From the very first shot of Wild Mountain Thyme I was thinking “Good god, surely people aren’t still making films like this!” The opening shot being an overhead of the lush slopes of rural Ireland while the soundtrack twiddled away in madly shamrocky fashion.
It got worse. A beejaysus-Irish voiceover announces “I’m dead”, by way of an introduction. The whimsy-ometer starts climbing into the red zone. And then I realised it’s Christopher Walken doing the bad Irish accent. The letters W, T and F start to appear in the air.
What the actual, it actually gets even worse, as we’re introduced to one Oirish character after another. Enter Walken as old farmer Tony Reilly, who’s wondering who to leave his farm to. His neighbour, Aoife Muldoon (Dearbhla Molloy) is having similar thoughts but she’s got a sensible, if whimsically pipe-smoking daughter, Rosemary (Emily Blunt) as an obvious heir. No such luck for Tony, whose son, Anthony (Jamie Dornan) is a big useless lump. So useless that Tony decides to ask an American cousin (Jon Hamm) if he’d rather have the farm instead.
There’s also the matter of a small bit of disputed land connecting the two farms, but we can ignore that since it makes no difference to anything, though writer/director John Patrick Shanley keeps returning to it as if it did.
What we can’t ignore, because it’s what the film is really about (apart from Irish-American Shanley’s affection for the old country), is the thing between Anthony and Rosemary. They love each other. Well, she loves him, even though he’s a big useless lump, but he seems indifferent to her, which is odd because it’s Emily Blunt, if you know what I mean.
Enter Jon Hamm from that America, driving a Rolls Royce up muddy, narrow country roads, to illustrate what a massive tool he is, and to indicate that massive disruption threatens. What if he got the farm… and the girl?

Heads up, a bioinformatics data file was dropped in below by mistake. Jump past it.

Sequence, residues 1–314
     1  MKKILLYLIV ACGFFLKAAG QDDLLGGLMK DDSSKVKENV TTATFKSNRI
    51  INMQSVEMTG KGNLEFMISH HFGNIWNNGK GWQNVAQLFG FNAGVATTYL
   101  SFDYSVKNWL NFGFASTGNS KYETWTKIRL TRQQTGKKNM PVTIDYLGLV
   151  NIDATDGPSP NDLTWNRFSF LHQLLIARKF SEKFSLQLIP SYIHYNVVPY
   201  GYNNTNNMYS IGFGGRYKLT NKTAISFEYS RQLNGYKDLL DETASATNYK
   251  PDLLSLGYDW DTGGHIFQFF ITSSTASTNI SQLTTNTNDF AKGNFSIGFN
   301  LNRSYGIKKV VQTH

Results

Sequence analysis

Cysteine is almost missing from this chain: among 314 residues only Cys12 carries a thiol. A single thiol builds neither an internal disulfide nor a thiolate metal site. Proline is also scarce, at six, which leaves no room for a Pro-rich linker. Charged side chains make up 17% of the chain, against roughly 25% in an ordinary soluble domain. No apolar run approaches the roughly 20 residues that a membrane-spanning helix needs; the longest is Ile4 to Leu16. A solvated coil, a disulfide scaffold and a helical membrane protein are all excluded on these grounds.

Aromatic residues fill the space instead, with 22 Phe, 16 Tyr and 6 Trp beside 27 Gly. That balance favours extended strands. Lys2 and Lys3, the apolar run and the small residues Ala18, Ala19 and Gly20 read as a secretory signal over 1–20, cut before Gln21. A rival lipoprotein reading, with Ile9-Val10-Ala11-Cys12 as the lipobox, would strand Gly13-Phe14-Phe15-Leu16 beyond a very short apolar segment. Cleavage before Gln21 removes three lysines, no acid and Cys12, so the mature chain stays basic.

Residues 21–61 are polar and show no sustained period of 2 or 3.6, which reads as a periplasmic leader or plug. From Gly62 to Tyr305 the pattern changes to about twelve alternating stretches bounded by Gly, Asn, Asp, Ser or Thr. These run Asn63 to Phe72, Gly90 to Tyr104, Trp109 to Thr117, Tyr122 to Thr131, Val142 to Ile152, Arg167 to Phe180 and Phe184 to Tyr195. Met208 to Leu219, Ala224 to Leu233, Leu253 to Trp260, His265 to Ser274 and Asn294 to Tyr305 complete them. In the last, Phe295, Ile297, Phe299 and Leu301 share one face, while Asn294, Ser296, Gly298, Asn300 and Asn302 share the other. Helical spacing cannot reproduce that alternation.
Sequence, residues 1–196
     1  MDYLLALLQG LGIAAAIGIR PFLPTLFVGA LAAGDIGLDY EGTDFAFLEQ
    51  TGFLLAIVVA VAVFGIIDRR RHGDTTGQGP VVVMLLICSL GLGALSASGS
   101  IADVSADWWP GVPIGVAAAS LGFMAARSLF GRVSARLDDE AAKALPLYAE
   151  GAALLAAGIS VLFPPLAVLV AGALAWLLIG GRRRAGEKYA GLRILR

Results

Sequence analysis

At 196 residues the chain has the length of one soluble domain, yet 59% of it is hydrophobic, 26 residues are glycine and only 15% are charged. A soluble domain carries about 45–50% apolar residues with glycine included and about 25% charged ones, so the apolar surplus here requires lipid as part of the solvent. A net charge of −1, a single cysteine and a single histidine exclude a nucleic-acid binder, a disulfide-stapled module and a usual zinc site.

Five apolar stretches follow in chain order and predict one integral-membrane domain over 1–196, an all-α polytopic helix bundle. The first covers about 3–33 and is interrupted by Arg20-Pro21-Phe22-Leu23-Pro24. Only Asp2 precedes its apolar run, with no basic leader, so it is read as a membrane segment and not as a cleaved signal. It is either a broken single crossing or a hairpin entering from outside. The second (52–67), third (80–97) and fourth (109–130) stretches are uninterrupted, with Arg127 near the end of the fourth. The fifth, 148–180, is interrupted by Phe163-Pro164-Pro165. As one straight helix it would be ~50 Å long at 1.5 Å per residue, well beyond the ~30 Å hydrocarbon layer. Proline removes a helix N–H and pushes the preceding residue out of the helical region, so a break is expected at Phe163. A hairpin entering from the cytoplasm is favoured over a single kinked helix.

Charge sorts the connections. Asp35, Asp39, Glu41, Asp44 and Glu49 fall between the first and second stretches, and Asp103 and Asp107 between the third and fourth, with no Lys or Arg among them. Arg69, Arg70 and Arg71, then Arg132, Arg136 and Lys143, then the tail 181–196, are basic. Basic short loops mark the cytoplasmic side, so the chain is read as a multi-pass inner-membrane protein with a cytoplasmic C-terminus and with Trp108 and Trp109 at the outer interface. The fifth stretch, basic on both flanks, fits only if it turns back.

Are you still reading? If so, you’ve probably got a soft spot for this sort of thing, begorrah and to be sure. And, to be fair, there are things in the film’s favour. Imagine a faintly comedic retread of those French adaptations of Maurice Pagnol’s novels like Jean de Florette and Manon des Sources (or Daniel Auteuil’s under-appreciated The Well Digger’s Daughter). It’s cosy, big-hearted and engaging. Everyone in it is on the comedy spectrum (even Dornan, whose performance brings to mind Ardal O’Hanlon’s dim-bulb priest Father Dougal in the Irish comedy series Father Ted). At one point Dornan falls into a lake off a boat, in classic “I just threw myself into the lake” style.
Wild Mountain Thyme is also a relentlessly charming film. There are a some lovely Irish songs. Most of all there’s the thing between Anthony and Rosemary. Anthony is such a dork you have to root for him, and Dornan plays him straight, no winking to camera. The only concession he makes is to bend his Irish accent slightly towards Walken’s, which is eccentric to say the least. But then pointing out eccentric speech patterns in Walken isn’t going to shake the planet to its foundations.
And Blunt and Dornan just fit so well together that each improves the other’s performance. It’s chemistry, invisible magic, but there’s a pragmatic reason too. They know that if they don’t get this relationship right, the film will sink.
Writer/director John Patrick Shanley is best known as a playwright for the theatre, though he notably won an Oscar for writing Moonstruck, another romance about mismatches. You can laugh at his desperate padding of this film’s plot to get the running time up to length. In fact you can be amused by all sorts of things in this film – that Hamm is in it at all! Or Walken! – and it is a bit of a mad custard, but in the end it is also simply rather lovely. Got to be a space for a bit of that in everyone’s life. To be sure.
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© Steve Morrissey 2021